There is another sort of weapon, however, and it has already successfully served Poland and helped beat Russia back; it is solidarity and prayer. And interestingly enough, on April 27, Pope Francis will canonize one pope (John Paul II) who is credited with helping Poland strengthen its resistance against soviet forces, and another (John XXIII) who had a hand in resolving the Cuban missile crisis.

Two saints who both were alive during Russia’s last turn at aggression, understood the Soviet ideology and worked effectively against it. Another one of those weird synchronicities. Just when we need some heaven-based prayer-warriors, they’ve being supplied.

Because we live in interesting times.

RELATED:
Crimea: The Tinderbox

About Elizabeth Scalia
  • Anna

    There are a lot of steps between shrugging our shoulders and sending in troops.

  • http://harryhuntington.com/ Harry Huntington

    The party in Beijing must be everlasting at this point. How soon folks forget that Kissenger opened the door for Nixon in China, in part, to gain another counter-weight to the Soviet Union. Kissenger found it mostly useful if China and the Soviets were not best friends.

    Today the enemy is China. Obama was correct to pivot to Asia. As if by magic, our gaze heads back to Europe, however, because folks are speaking fantasy speak about Russians invading Poland. Of course our hostility to Russia drives Russia into the waiting open arms of the Chinese. Delightful.

    Our most natural ally against China is Russia. Instead of finding was to cross Putin, we should be finding ways to make him our good friend. The key to facing off with China is a strong tie with Russia, as well as strong ties with India, Japan, Vietnam, and both Koreas (North and South).

    That will never happen so long as neo-con cold war fantasies still dominate thinking.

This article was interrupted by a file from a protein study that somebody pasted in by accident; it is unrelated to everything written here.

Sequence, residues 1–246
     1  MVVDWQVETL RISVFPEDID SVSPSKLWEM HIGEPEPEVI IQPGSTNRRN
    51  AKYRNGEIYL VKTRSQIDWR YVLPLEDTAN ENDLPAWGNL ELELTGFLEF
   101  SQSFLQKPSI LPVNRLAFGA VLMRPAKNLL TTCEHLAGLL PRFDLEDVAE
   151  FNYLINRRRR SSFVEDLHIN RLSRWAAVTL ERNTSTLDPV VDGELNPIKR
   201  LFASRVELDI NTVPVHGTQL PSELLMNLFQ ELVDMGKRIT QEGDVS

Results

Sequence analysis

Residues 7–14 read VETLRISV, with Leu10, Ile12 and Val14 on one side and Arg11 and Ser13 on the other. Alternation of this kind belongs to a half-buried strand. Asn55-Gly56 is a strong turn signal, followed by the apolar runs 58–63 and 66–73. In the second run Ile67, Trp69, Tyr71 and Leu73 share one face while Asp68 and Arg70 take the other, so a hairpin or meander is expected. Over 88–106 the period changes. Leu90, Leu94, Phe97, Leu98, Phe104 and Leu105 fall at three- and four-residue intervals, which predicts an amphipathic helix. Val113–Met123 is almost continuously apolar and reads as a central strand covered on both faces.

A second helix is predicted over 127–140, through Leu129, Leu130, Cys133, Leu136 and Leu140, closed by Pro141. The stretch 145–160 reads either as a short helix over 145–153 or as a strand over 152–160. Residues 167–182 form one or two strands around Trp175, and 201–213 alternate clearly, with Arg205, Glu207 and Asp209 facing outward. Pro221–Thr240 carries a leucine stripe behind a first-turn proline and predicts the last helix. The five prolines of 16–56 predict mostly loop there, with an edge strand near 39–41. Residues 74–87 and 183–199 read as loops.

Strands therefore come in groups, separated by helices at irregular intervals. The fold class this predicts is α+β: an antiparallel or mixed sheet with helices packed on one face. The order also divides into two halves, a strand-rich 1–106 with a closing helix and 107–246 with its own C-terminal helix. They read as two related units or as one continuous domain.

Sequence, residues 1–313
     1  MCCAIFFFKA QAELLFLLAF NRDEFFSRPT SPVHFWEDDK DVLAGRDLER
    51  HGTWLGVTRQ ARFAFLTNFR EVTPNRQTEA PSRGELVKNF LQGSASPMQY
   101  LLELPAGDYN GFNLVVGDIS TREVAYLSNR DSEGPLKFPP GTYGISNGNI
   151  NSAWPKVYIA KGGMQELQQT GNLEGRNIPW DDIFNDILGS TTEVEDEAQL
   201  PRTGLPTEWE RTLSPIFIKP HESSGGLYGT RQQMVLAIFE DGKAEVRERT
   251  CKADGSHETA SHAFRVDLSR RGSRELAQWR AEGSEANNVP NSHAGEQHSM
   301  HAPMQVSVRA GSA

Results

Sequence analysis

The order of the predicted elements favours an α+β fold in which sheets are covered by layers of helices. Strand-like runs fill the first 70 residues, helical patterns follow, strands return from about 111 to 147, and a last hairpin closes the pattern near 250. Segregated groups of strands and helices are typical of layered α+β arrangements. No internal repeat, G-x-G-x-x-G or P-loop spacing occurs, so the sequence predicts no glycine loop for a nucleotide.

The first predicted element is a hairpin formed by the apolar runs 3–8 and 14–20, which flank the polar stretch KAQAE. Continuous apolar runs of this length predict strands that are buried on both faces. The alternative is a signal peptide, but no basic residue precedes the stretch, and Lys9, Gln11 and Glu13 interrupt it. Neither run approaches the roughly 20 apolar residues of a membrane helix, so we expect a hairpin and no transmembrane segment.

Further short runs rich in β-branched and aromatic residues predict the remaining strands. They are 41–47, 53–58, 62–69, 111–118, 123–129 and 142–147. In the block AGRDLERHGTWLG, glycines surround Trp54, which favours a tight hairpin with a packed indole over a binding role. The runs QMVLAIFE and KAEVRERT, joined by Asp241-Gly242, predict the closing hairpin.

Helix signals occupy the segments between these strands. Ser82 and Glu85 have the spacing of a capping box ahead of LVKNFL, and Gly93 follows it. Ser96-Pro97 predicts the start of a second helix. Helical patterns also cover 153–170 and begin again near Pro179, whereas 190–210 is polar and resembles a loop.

• I_R_A_Darth_Aggie

    So, I should not intervene if my neighbor is being mugged, raped or in the process of being murdered?

    Good to know.

  • I_R_A_Darth_Aggie

    If we do something, you whine about.
    If we do nothing, you whine about that, too.

    Do you not remember Rwanda? we did nothing and…were castigated for it.

  • Suzy Malavasic

    I would make these points:
    1) In August 2013, with the eruption of chaos in Egypt, the US government had to consider the possibility that if the Suez Canal was closed to our ships, we would be forced to use military intervention.
    2) The press has not reported the violence in Kiev against Jews and the burning of synagogues.
    3) Early reports of clashes between Russians and Islamic Tatars living in Crimea have never been elaborated on… and now silenced. The Tatars were thrown out of Crimea after WWII (when it was still part of Russia) because the Tatars had collaborated with the the Nazis (not surprising when they hate the Jews).
    4). Crimea is heavily ethnic Russian and geographically thinly attached to Ukraine.
    5) Wouldn’t it be better for Ukraine to jettison the Crimean Peninsula, to insure the most efficient and non-entangled juncture with the West? Let it go and prosper in peace.

  • Mike Smith

    You didn’t ask me, but I offer three reasons:

    1) Conservatives value loyalty: When your country goes to war, you support the troops.

    2) America is polarized along the Left-Right political axis. Conservatives see opposition to war as a “liberal” position and therefore, wrong. But it wasn’t always like that. In the first half of the 20th century, the Old Right was isolationist, while the Left pushed for intervention in both World Wars.

    2) The government uses a combination of deceit, lies, and exaggerations to convince Americans that foreigners pose a direct threat to their way of life. Most conservatives would never sacrifice their sons and daughters to spread democracy to the Middle East, but if the government can convince them that Saddam has WMDs and connections to terrorists, Americans will support the war effort.

  • Gaffer7